Jimi and I headed home about 1:30am. Gerard tried to talk us in to coming over to his boat to continue the celebration, but Jimi and I were too tired. We heard the next day that Eric saw the sun rise with Gerard. J
After our special night out, we stayed put for several days. Jimi and I both had projects to work on on Sanibel. We took laundry to shore, ate lunch at a local Honduras place and bought a few groceries. The lady that did our laundry, does it by hand. Many people don’t have washing machines and no one has dryers. We’re told the electricity is very expensive. She did three large loads for us for 300 LEM (about fifteen U.S. dollars). We picked it up a couple of days later, clean and smelling a lot better than it did when we dropped it off. She was even able to get all the ‘ring around the collar’ out of Jimi’s white shirts.

Unexpectedly one evening, Eric sent Jimi and message asking him if he wanted to go to Manati to play pool. “Sure,” we both said. We arrived expecting to have one maybe two drinks, play some pool and then leave. Sandrine wasn’t feeling well, so she stayed home and Elle came later. We played half a dozen (or more) games of pool, drank more than two drinks, and Jimi and I shared a dinner of german sausage and french fries. We got home about ten.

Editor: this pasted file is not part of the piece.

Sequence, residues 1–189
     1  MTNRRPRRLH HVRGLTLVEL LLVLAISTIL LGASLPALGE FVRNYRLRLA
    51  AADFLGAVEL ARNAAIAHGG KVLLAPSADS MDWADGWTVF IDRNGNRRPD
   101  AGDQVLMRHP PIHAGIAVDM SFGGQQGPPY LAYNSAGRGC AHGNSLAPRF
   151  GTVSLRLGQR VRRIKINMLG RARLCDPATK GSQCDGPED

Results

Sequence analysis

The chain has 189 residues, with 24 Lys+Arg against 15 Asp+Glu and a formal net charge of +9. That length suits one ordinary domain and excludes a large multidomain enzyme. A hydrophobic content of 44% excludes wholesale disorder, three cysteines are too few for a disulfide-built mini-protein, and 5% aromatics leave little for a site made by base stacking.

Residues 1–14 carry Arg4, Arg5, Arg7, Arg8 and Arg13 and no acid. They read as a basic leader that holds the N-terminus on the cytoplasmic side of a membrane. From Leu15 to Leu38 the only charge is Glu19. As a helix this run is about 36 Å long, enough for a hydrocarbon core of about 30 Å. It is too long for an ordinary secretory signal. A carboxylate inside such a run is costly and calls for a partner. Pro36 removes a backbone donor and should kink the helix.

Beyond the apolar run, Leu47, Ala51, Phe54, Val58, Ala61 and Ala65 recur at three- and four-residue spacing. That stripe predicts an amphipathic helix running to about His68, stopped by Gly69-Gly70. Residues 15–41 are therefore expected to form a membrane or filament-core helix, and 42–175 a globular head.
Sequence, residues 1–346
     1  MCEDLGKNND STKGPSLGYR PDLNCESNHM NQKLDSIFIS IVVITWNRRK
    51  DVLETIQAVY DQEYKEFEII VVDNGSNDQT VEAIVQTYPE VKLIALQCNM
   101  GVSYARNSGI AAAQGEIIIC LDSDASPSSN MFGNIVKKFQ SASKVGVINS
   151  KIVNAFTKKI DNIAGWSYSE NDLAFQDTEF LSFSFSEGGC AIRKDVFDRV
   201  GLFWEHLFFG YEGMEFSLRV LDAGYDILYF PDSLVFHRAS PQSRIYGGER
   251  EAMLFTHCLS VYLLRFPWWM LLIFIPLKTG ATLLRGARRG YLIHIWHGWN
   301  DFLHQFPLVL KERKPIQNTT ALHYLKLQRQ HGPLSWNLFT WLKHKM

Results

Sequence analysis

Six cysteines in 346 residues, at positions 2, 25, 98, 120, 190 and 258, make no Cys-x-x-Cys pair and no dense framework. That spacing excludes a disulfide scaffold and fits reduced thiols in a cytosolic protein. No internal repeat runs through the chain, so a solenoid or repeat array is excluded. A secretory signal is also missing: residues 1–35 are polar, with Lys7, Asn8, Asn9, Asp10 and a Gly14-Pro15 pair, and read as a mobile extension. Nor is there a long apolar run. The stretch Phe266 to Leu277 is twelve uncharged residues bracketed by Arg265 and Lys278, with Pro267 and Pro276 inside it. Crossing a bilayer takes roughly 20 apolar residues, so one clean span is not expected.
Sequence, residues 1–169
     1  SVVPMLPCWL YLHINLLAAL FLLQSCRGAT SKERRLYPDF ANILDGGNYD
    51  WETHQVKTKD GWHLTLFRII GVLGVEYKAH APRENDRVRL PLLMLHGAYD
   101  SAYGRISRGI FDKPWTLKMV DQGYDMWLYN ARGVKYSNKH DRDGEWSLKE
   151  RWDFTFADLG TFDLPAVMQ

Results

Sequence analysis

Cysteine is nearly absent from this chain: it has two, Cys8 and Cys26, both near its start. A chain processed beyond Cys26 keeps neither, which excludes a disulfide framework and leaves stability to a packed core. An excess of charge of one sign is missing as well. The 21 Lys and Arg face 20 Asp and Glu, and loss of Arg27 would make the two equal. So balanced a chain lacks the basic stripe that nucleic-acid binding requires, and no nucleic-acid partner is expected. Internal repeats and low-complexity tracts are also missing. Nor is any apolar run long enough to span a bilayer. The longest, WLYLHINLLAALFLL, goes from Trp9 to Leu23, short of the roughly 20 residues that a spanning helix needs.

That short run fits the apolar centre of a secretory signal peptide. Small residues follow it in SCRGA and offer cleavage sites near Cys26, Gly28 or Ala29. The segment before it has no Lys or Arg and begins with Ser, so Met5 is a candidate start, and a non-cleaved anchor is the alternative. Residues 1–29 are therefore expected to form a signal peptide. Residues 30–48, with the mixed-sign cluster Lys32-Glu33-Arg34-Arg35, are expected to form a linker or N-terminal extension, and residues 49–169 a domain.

A couple of days later we left Banaka sailing twenty-six miles towards Roatan. That is where we sat without any contact from the world wide web. A local fisherman came by everyday for several days trying to sell us conch, lobsters and fish. We weren’t interested, but Jimi engaged him in conversation and we gave him some goodies to take to his daughter and family.

This is a wreck we came across while out and about in the dinghy.

Eric and Sandrine showed up after five days or so. They brought us water for our tanks and then we shared an evening of pizza, cookies and Mexican train.

This morning both vessels sailed to the French Harbor of Roatan. We have our internet back – Yay! Tomorrow we’ll check out the town and our surroundings. There are a lot of boats here and we understand that there may be weekly potluck events along with other cruiser activities.


  1. Even with your various situations you two are truly blessed. Your experiences and the friends you're making sounds like a dream come true. Jimi and you are handling things well. You're using old timey ways of traveling on the seas before all the new fangled stuff was invented. I'm so proud of your ingenuity. All of you sea faring folks are giving and given a hand when it's needed. Sharing food and experiences plus laughter with one another. That's called being good neighbors. The Lord knows and supplies your needs and you're often in our prayers.

  2. Fantasy Island :
    - Deep fried Lion Fish every friday night
    - Hamburger party every wednesday
    - and ... potluck tonight ! (saturday)

    See you there, amigos !